A good chunk of this year was very unpleasant. At work one day during a particularly dark patch in the spring, when it was hard to imagine getting through the workday, let alone the year, I scheduled a holiday-related task on my online todo list for December. I was hoping that I would forget about the task and that by December things would look different.
Last year, there was some crazy talk about a “War on Easter.”
atheist agnostic apathetic agnostic in need of a couple of Easter cards, I can’t say I would have minded a skirmish as I scanned the selection of cards at the grocery store.
I just wanted something cute and upbeat and not too “Christ has died, Christ is risen, Christ will come again” to include with the Easter candy I planned to send to my nephew studying abroad this semester. But the Catholic school girl inside me was actually a little shocked to find this:
The term “Easter” doesn’t have anything to do with the resurrection, why should I have to give up saying Happy Easter? Christians should have to come up with another name for their celebration of the resurrection. But this card was just childish and ridiculous enough to make the care package cut.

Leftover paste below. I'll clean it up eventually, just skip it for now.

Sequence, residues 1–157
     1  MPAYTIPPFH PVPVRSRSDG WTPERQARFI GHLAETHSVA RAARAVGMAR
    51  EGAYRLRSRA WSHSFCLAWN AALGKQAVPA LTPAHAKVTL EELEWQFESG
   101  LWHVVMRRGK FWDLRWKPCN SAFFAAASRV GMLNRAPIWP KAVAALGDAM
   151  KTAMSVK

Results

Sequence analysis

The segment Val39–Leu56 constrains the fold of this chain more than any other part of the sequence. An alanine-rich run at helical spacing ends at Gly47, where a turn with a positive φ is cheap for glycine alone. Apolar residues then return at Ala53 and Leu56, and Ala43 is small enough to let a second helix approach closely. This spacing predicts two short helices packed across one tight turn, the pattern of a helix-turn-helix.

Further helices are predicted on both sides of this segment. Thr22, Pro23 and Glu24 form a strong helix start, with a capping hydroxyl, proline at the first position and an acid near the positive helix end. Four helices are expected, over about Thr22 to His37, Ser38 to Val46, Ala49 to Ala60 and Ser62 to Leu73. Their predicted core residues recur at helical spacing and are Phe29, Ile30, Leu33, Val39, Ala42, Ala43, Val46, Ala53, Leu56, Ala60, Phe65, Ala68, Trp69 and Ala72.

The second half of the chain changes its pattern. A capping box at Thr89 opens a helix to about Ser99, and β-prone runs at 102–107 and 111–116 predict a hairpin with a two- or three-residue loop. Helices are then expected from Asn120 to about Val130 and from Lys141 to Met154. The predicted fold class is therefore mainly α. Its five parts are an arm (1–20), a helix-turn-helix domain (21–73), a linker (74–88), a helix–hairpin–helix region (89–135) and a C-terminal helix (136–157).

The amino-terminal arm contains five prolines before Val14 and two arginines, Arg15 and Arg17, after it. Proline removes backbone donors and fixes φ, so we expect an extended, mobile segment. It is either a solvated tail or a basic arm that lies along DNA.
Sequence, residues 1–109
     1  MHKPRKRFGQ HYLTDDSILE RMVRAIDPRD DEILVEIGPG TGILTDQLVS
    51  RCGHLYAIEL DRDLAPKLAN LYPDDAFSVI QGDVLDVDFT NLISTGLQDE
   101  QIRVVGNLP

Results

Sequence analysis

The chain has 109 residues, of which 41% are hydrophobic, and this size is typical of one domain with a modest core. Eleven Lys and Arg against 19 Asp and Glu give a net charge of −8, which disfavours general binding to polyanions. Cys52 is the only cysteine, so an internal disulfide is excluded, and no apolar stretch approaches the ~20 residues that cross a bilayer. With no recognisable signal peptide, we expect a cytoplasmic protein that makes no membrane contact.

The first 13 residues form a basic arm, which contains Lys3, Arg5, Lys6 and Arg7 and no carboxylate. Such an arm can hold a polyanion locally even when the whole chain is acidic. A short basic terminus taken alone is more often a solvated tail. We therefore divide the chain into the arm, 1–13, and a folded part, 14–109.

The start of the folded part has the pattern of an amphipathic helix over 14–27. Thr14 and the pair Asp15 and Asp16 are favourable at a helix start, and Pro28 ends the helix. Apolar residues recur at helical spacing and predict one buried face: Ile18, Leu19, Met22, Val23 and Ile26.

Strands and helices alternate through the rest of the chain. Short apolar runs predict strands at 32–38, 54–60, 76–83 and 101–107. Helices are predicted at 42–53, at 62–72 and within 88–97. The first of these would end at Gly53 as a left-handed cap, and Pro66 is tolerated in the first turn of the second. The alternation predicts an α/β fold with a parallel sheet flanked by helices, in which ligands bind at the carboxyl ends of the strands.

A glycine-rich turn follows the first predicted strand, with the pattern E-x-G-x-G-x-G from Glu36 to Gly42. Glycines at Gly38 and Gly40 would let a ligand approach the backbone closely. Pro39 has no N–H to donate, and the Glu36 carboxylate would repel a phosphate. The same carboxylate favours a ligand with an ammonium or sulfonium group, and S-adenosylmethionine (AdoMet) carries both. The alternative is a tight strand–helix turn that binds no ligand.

“Jellybean Day?” No. “Romolo’s Day?” Perhaps…
Anyway, since I won’t get to spend the holiday with Mom, I needed to find a card that conveyed just the right sentiment for Easter. Oh yeah, here it is.
As someone who’s had something (two things in fact) come out of her hoo-ha, I thought my Mom would appreciate the reminder on this most holy of occasions. Quite frankly, I just enjoy the hell out of the word “hoo-ha.” I was a fully formed adult before ever hearing this term (ironically, in reference to my Mom’s hoo-ha) and after I fell out of my chair laughing, I tried making up for lost time. I must have said “hoo-ha” 900 times that day. Here are a few more for you: hoo-ha, hoo-ha, hoo-ha.
At least this card says “Easter” and not “Jellybean Day.”
With my card selections complete, I started to wonder if American Greetings actually was engaging in a War on Easter. But fear not, only two slots away from the chicken hoo-ha card was this: